Dogwood


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Related to Dogwood: Dogwood Festival, Kousa Dogwood
A tree used by Native Americans as antipyretic and laxative, and by Western herbalists as an appetite stimulant, and to treat renal and hepatic disease
References in periodicals archive ?
Dogwoods have never been far from Merrill's view at significant moments throughout his life, helping to shape his understanding of place in the great chain of being; entwined in his experience is the conviction that our relationship to the natural world is central to our walk in the sun.
His intertwining of personal, natural, and political history reveals an eager, sensitive mind that can find the threads of wisdom even written in the rough bark of a dogwood tree.
Dogwood features casual, traditional, welcoming silhouettes.
Dogwood trees have been plagued by anthracnose, a fungus, and they have disappeared from many areas.
Dogwood Building Supply has hired Kim Andrew Stinde as Vice President of Sales.
Agricultural Research Service plant geneticist Richard Olsen has worked to determine the appropriate dogwood cultivars for the varied Japanese climate and to locate the planting material.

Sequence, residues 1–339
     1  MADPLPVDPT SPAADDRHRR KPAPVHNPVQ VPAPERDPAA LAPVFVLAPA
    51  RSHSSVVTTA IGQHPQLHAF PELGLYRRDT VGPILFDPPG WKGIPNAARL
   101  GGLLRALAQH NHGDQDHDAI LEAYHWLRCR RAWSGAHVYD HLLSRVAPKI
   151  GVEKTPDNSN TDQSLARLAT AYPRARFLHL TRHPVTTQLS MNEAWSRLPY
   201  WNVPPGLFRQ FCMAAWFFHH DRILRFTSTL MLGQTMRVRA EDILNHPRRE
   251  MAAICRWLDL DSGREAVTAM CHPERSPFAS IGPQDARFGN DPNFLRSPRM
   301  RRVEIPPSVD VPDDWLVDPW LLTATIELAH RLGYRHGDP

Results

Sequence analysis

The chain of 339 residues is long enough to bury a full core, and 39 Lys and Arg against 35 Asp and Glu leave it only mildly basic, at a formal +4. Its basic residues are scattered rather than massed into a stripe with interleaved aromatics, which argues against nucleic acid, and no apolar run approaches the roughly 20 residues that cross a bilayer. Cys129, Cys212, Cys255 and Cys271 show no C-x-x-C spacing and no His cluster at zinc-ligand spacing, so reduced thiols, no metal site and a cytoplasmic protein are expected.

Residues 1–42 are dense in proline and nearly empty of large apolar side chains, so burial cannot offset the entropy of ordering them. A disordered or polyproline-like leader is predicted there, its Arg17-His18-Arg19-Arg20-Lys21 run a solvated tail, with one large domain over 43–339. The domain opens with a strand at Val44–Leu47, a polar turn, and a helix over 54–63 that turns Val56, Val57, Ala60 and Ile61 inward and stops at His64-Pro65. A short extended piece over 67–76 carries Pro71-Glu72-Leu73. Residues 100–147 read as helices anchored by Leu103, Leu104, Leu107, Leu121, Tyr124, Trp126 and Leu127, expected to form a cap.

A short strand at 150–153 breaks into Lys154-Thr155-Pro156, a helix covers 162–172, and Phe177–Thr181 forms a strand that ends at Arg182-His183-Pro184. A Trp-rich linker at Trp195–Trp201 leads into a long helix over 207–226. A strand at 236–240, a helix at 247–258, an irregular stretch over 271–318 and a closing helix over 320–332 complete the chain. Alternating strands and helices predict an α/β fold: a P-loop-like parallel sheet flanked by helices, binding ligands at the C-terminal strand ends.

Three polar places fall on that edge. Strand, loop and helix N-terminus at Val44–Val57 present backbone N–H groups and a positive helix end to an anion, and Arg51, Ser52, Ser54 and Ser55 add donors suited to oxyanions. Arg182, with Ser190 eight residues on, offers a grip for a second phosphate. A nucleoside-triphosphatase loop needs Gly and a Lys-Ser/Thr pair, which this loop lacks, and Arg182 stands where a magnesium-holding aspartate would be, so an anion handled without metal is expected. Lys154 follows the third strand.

MANY cornus - dogwoods - are grown for their colourful stems throughout the winter months.
As a part of the Dogwood Estates project, 80 substandard homes that were built as temporary housing during World War II were replaced with 40 new affordable single family homes.
Despite illuminating the darkest corners, dogwoods are sometimes avoided because they are associated with roundabouts and other public open spaces for low maintenance planting by local councils.
We hope that these dogwood trees in Japan will, like the cherry trees here, serve as a symbol of the strong relationship and friendship between our countries,'' Clinton said during a dinner with Noda and others, which she hosted in Washington.
Through the years Dogwood has been represented by 76 Stakes winners, 15 Grade 1 scorers, six millionaires, two Eclipse champions, a Classic and a Breeders' Cup victor.
Bates, though, replaces Matisse's flowing line and sense of cushioned luxe with something altogether more resistant, and rather wonderfully so: In both of the dogwood paintings but particularly in SHU Life with Dogwood IV, the branches and their flowers, often delineated with patternlike lines of black, become stiff, jagged networks fitted together like jigsaws, almost comically unwelcoming to the touch while still sensual to the eye.